It seems that the fitness industry is constantly swimming in an endless sea of scams, misinformation, and flat out BS. I learned this unfortunate truth years ago (after witnessing the dishonesty and naively falling for some of these cons). This gave me a bad taste, which led me to remove myself from the spotlight of the industry and just work in my training center with my clients (a.k.a. my guinea pigs).
The misinformation that turns me off so strongly is perpetuated by two types of people:
1) The classic snake oil salesman- These guys/gals are not even fitness experts. In fact, their only area of expertise is marketing. They will promote and sell just about anything people are willing to buy, regardless of the validity of the product, program or concept. This crowd of scam artists deceitfully endorses products like The Cookie Diet, The Pizza Diet, The Shake Weight, etc. Im not going to waste any more time on calling these guys out because they exclusively target the less educated population, and my blog readers tend not to fit that description.
2) The honest fitness expert who is just misinformed him/herself- These experts typically try to stay on the cutting edge. When they read about a new concept, they will quickly regurgitate the new information as fast as possible to everyone they can, in an attempt to beat their competitors to the punch. You see, everyone wants to be the first to bring something new and unique to the market.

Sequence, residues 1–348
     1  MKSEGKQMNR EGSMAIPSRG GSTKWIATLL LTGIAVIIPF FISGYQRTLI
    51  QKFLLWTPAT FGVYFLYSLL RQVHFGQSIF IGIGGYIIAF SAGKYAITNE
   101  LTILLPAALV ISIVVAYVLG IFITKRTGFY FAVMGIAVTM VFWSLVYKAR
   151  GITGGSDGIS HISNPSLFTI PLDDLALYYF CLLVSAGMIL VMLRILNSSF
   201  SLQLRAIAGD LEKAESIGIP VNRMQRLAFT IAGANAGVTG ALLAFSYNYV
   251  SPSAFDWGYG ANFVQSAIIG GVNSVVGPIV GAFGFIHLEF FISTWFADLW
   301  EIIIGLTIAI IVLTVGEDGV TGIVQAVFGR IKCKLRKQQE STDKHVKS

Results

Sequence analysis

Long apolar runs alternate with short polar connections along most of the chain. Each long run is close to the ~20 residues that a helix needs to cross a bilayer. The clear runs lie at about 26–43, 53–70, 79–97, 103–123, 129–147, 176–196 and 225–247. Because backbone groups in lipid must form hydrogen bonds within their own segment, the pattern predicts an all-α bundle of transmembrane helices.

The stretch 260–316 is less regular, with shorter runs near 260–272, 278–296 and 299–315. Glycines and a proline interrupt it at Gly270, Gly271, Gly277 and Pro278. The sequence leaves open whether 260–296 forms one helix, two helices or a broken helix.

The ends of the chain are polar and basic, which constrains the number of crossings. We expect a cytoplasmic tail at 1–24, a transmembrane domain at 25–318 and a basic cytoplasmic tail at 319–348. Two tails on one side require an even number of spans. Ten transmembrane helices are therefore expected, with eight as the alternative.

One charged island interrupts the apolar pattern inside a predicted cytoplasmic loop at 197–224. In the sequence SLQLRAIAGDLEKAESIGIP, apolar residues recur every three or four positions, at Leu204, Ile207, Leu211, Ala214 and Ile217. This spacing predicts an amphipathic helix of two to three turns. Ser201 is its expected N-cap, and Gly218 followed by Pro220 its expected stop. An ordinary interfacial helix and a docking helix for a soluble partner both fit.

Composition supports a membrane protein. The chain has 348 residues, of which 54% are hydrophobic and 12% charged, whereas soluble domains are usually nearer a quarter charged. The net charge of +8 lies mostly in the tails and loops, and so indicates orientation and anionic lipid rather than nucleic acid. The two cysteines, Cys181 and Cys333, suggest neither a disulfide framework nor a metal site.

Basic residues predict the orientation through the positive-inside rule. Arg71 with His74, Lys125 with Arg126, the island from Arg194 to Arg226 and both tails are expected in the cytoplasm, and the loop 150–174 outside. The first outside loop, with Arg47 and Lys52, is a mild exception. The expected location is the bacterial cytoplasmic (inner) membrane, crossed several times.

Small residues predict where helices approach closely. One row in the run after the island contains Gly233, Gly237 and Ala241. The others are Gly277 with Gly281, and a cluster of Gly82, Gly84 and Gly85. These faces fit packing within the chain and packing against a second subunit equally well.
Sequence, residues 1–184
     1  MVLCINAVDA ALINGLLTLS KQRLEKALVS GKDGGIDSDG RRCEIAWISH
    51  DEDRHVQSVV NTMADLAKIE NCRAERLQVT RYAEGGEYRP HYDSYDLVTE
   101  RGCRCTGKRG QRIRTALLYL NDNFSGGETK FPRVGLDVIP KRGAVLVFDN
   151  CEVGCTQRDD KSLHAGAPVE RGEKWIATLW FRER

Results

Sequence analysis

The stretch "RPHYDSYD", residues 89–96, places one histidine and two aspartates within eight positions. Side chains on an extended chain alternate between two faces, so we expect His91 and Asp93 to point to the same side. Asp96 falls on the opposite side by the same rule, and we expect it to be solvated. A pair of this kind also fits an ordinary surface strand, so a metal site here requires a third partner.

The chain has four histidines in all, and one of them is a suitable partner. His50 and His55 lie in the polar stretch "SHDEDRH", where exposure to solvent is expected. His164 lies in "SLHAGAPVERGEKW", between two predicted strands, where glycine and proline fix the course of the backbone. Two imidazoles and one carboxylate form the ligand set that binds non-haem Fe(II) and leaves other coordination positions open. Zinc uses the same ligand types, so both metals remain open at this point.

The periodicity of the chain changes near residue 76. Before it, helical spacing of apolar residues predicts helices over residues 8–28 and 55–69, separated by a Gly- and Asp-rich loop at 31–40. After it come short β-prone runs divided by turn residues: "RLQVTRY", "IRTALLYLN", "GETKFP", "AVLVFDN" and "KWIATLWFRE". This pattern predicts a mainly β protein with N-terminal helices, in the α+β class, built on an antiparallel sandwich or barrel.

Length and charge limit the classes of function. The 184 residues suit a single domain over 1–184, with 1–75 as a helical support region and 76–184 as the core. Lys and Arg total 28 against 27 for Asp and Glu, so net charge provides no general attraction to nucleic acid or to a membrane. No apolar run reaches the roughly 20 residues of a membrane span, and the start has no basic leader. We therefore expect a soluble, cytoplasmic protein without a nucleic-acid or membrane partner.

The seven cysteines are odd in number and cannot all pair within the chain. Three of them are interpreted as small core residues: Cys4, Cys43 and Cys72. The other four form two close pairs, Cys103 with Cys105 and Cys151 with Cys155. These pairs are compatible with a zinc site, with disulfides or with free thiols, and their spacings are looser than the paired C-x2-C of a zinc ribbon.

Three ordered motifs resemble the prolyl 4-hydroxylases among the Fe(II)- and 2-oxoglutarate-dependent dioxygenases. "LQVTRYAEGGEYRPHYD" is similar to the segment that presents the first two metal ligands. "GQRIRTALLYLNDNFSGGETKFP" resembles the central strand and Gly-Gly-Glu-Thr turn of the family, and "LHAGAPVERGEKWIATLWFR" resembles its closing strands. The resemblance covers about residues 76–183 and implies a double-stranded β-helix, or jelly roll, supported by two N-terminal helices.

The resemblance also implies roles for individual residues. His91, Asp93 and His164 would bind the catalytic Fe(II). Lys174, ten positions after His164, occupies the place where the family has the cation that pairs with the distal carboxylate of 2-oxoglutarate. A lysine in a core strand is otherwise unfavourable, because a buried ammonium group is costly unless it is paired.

Unfortunately, when this information is rushed out and printed in a magazine, book, or blog, its validity and effectiveness has usually not tested by the author. I understand what these guys are doing to a point, but is this really fair to the customers? I think not. So in an attempt to set the record straight, Im going to clear up some of the misconceptions that were well-intended, but caused a reaction in the industry due to readers trust of a particular author.
The first part of this series is going to be about fat loss nutrition.
Fat Loss Nutrition
There are a lot of concepts that could be addressed here. Addressing all of them would be impossible, so Im just going to cover the most popular new trends, as well as others that have been lingering for quite some time now. Here they are in no particular order:
1) Avoid high glycemic fruits and vegetables- Okay, I get it. Its not the best idea to walk around with elevated blood sugar levels (especially if you want to lose body fat). But do you really think that people eating beets and carrots are causing our diabetes epidemic? Or do you think that the prevalence of obesity is directly correlated with the consumption of baked sweet potatoes? Come on. If the worst thing someone did was to snack on an afternoon banana, there wouldnt even be a single diabetic outbreak in this country.
Rigidly cutting out these foods is an overreaction to some misinterpreted science. Science has proven the correlation between unregulated blood sugar and the likelihood of winning the prizes of obesity and a host of deadly diseases.
That being said, high glycemic fruits and vegetables are not the real problems here. Instead the problems are: processed foods, sugar consumption, and trans fat ingestion. The solutions are just as simple. First, cut all the sugars, processed foods and trans fats from your diet! Then be sure to reduce all carbohydrates at least three days per week. This can be best accomplished by exchanging fibrous vegetables for some of the starches in your diet and/or practicing some type of fasting on these days.
And lastly, be sure to combine a high glycemic food with other foods at the same time. In other words, eat a normal meal. For example, when you eat a high glycemic food (such as a carrot) on a salad with olive oil dressing (which is low glycemic), the foods balance each other out and the combination doesnt cause your blood sugar to spike. Because of this often-ignored yet crucial fact, it turns out that referring to a foods glycemic index to determine how dangerous it is to your body fat levels is relatively useless.